Little Orange Kitchen with Delicious Paper!

Materials Focus: Paper
Trashion team member Laura of LittleOrangeKitchen gives new life to paper with amazing talent! We asked her a few questions about reuseing paper and here is what she had to say:

What do you make by re-using paper?
I make wallets, business card holders, passport cases and journals out of recycled newspaper, magazines, maps, vintage books, magazines and both vintage as well as contemporary gift wrap.

What do you find the most satisfying about your creations?
I'd have to say the response from other people. When someone admires a wallet at a show and I explain that the back panel is a silverware ad, the inner panel is an ad from a German newspaper and the front panel is from a vintage book etc, it's fun to see their delight and how they take a closer look because they originally thought it was just one random pattern. I enjoy seeing a pretty skirt in a fashion magazine and knowing that the skirt alone would make a great pattern on the front of a card holder and then having people ask me where I got the "gift wrap". I get a huge and unabashed kick out of myself. :)

Where do you typically find the paper you repurpose?

If I'm at your house, you can expect that I'll be digging through your recycle bin looking for anything I can use! No map is safe from me, even if you need it for a road trip, I'm going to lay a claim on it! Same thing with your Italian Vogue.
Friends bring me newspapers and fashion magazines from all over the world and I scour thrift shops and even salons for more. I also get tattered books from the free shelf at the Salvation Army. I'm donate a lot of newer books, so I don't feel so bad occasionally taking a few free ones.

What type of paper products do you use?

While I do make a line of wallets with new gift wrap, I use newspaper, magazines, and books for the line that is 100% recycled paper, And, regardless of the source, every single wallet I make is lined with recycled card stock from holiday cards, manilla folders, heavy mailers and old file folders.

Where did you learn your current techniques?

I began experimenting with origami a few years ago and then my mother gave me a newspaper wallet that was cute, but didn't last. I played with paper for a few months and finally came up with a design I was pleased with and began giving them away to friends. One friend asked if she could take a bunch to her office to sell to her co-workers and I was floored when she sold out. From there, people started asking for other things and the cardholders and passport cases were born.

The hardest thing for me to learn was how to fold a straight line. I used to scream in frustration and even bought some tools designed to help and still couldn't get it. If I'm even 1/20th of an inch off, the wallets don't turn out. Finally, my husband was like, "Get rid of the tools and just eyeball it!" The best advice. I'm intuitive when it comes to making things and thought it would be better to be more precise and organized, so I thought ruled mats would help....nope, now I just take breath and "eyeball it". Good lesson, use your own strengths to help you and don't worry if other people seem more efficient.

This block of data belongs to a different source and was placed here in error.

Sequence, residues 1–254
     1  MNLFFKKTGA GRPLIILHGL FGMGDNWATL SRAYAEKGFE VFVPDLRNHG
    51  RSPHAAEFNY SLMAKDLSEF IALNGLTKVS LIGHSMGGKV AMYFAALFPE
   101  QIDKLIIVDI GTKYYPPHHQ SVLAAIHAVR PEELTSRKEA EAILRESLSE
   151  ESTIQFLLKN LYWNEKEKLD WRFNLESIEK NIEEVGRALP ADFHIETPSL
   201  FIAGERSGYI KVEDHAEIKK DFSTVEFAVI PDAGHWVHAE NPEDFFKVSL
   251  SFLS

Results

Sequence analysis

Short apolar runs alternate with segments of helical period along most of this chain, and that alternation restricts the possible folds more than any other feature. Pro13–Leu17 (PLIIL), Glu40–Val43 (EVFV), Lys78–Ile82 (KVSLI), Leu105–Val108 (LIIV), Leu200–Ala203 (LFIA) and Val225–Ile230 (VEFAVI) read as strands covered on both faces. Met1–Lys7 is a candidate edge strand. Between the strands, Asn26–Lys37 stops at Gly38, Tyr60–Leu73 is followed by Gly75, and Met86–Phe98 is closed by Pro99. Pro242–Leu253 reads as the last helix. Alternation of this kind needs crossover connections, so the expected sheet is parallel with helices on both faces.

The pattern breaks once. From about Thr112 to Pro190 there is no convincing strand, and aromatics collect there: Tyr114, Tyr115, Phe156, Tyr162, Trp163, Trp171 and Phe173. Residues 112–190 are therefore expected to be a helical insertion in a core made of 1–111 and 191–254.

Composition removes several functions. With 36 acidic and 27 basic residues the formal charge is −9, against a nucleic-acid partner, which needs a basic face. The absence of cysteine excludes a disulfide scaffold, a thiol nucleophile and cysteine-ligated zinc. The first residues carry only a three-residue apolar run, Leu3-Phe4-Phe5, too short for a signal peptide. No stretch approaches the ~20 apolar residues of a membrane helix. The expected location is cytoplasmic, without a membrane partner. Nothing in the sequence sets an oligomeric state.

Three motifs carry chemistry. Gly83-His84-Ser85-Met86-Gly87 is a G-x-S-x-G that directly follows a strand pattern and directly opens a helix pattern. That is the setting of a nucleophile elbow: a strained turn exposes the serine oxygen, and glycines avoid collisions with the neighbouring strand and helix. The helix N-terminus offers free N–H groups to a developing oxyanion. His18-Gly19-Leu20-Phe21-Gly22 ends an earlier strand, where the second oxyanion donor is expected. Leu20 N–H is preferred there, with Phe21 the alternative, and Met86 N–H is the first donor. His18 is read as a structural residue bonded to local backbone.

Where do you get your inspiration for your projects?

Fabrics inspire me. I can't sew, but I love fabrics, so pictures of fabrics in magazines are the next best thing.

Which of the tools you use is your favorite?

My rotary cutter is a lifesaver...a lifesaver, One tip I have for people who work with vinyl or resins in combination with paper (Scrabble tile magnets, belt buckles, resin or glazed jewelry etc...) is to have a lint roller handy. I roll one over my cutting table and the floor around it to ensure there aren't any little flecks of paper, dust or lint around. There's nothing worse than finishing a wallet to discover a tiny paper scrap or yarn fiber from another project trapped underneath the vinyl that I use to add durability to the wallet.

Tell us about a couple favorite items they've made from paper and why they stand out in your mind.

I use old book jackets to make larger wallets and was really pleased with the first one I made. It was from a book on Frida Kahlo and I'm really proud of it.

I'm also proud of this one, pictured at left: It was made of three collaged panels and even though the images came from three different newspapers, the colors went so well together, even the stripes on the backgrounds combined to look like one piece. It sold right away and I miss it!

Any final thoughts you want to share?

I'm in the "hybrid" stage of trashion, I use new vinyl to enhance old paper, and I think it's a good place to start. The wallets are definitely not disposable, but they aren't heirlooms either, so I encourage people to reuse pieces of them once they wear out, or send them to me so I can cut the panels up and make new ones. One woman used hers daily for about eight months and then cut her favorite sections into strips, glued them onto recycled cardboard and made bookmarks, gift tags and a pair of earrings. Right on! The gift that just keeps on giving. :)

Thanks for sharing your creative reuse of paper with us!

Interested in discovering more about Laura and her work? Check out her blog. Want a delightful paper wallet for your very own? Go to her Etsy shop!